Patrick Crowe: The Friendly Kidnapper

by Jay Robert Nash

A disgruntled employee of the Cudahy Meatpacking Company of Omaha, Neb., Patrick Crowe decided to take revenge on his former employer by kidnapping 16-year-old Edward Cudahy, Jr. On the evening of December 18, 1900, Cudahy was returning from a doctor's office after having delivered second-hand magazines his father no longer wanted. Barring his path, wearing masks and wielding revolvers, were Crowe and accomplice James Callahan, also known as Pat Cavanaugh. "We're detectives," Crowe announced to the boy, "and you're a robber named McGee. We've been after you, McGee, and now we've got you. Come along with us."

Cudahy pushed away a revolver pointed at him and shouted: "You're crazy!" Ignoring the boy's protests, the kidnappers hustled him into a buggy, tied his arms and feet, and put a hood over his head. They then drove to an old abandoned house in the area and took Cudahy inside, handcuffing him to a chair and giving him a plate of food. Crowe and Callahan then celebrated their kidnapping feat by opening a bottle of liquor.

Meatpacking heir, Edward Cudahy Jr., kidnapped in 1900 in Omaha, Nebra
Meatpacking heir, Edward Cudahy Jr., kidnapped in 1900 in Omaha, Nebraska; he was returned safely after a ransom of $25,000 in gold was paid. (image from the Jay Robert Nash Collection)

When the boy did not return home, Edward Cudahy, Sr. phoned the doctor who told him that Eddie had delivered the magazines several hours earlier and had left for home. Cudahy then called the police, and the entire force turned out to look for the missing youth. They were joined by hundreds of Cudahy's workers, who had been ordered to help search for the meatpacking heir.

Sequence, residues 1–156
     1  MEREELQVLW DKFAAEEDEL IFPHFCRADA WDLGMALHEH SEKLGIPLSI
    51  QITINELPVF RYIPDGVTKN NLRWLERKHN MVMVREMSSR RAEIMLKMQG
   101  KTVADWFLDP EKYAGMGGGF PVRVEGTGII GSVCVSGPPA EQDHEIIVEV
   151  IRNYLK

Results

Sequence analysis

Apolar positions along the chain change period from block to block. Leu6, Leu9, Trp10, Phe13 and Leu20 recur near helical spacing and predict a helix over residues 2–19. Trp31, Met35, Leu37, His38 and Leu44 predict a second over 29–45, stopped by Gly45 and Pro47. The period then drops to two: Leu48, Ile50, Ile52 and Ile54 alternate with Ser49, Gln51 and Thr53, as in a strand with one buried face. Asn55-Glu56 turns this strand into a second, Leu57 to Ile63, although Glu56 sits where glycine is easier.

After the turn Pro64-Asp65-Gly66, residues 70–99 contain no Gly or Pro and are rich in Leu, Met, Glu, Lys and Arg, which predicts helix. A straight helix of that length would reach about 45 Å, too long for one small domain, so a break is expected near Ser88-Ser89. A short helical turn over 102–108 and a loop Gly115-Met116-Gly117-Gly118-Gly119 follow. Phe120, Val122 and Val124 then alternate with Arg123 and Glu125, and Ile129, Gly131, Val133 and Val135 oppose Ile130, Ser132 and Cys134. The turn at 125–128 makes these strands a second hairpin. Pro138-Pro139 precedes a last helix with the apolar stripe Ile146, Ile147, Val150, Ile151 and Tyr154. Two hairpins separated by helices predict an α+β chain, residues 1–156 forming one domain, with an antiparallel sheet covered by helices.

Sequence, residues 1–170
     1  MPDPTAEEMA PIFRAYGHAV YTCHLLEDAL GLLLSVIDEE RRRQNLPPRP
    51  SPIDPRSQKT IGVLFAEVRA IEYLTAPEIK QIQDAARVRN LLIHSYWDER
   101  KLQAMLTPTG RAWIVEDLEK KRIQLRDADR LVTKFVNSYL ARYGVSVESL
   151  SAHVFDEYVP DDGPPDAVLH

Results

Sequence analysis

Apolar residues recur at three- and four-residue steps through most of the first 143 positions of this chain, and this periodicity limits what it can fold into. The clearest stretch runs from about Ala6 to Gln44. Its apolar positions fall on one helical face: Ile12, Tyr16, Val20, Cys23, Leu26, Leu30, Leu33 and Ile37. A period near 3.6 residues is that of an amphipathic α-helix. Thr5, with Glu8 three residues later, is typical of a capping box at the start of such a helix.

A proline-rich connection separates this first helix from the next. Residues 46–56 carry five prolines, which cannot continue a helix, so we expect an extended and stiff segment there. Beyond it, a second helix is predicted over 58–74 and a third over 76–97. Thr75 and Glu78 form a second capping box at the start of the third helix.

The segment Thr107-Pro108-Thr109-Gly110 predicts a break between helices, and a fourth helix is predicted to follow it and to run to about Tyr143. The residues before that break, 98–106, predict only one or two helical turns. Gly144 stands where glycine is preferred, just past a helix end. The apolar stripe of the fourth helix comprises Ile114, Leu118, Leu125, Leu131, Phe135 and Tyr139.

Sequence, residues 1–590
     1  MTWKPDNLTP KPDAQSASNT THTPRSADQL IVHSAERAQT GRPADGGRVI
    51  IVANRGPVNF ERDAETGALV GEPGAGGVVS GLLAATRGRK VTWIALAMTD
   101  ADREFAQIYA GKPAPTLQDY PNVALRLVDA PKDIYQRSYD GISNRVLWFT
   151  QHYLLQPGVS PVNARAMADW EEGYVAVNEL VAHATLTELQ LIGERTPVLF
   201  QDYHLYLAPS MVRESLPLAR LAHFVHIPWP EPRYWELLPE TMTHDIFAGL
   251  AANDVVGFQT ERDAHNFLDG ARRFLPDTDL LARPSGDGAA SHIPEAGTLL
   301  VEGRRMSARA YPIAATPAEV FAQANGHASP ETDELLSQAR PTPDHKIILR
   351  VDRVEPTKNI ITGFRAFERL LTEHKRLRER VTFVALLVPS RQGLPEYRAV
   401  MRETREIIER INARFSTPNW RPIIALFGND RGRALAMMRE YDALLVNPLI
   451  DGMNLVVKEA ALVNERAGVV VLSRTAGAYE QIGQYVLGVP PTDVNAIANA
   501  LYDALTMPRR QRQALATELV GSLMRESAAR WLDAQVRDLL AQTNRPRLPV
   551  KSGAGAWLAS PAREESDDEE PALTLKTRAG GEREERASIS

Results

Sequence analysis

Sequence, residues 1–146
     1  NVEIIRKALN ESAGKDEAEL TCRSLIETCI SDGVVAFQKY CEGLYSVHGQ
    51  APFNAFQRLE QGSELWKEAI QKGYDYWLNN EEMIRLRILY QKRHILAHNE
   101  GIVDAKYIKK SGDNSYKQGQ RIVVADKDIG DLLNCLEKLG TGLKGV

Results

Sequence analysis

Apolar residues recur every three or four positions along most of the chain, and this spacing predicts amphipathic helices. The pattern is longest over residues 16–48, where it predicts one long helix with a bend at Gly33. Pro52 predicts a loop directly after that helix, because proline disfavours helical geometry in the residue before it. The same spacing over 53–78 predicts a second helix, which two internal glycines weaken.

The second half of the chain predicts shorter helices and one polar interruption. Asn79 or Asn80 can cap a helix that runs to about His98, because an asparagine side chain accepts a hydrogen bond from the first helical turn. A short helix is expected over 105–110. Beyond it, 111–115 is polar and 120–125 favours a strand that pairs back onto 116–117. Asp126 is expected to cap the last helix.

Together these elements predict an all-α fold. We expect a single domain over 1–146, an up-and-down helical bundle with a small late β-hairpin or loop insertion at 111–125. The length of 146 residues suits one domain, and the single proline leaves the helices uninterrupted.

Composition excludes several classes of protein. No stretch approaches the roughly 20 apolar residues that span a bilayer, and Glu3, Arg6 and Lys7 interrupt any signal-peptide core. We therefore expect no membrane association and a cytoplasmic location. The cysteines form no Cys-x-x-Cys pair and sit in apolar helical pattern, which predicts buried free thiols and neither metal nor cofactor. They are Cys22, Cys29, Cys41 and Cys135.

By morning, when the boy did not return home, Cudahy realized that his son had been taken and he immediately offered a sizeable reward with no questions asked if his boy was returned to him. He also called agents in the Pinkerton Detective Agency, who began searching for Eddie. Most of the town of Omaha was mobilized for the search, more than 7,000 men and boys looking for the Cudahy heir, including 2,000 of Cudahy's workers.

That morning, Cudahy received a phone call telling him to search the front lawn of his mansion. His coachman found a ransom note that demanded $25,000 in gold. If the money was paid, the boy would be returned unharmed the note read, but if Cudahy refused to pay, the kidnappers vowed that they would blind the boy with acid. To instill fear within the Cudahy family, the kidnappers made mention of the fate that befell Charley Ross, a millionaire's son who had been kidnapped in 1874, and how the boy vanished forever when the ransom for him was not paid.

Cudahy put five sacks of gold coins amounting to $25,000 into a buggy that night and delivered this money to a remote spot on the outskirts of Omaha. His son was released unharmed some hours later. Cudahy, once his son was safely back home, offered a $25,000 reward for the capture of the kidnappers, but interest in apprehending these culprits was practically nonexistent as Cudahy was not a well-liked man. He paid his employees slave wages and was a severe taskmaster, who had smashed several campaigns to unionize the suffering meatpacker workers.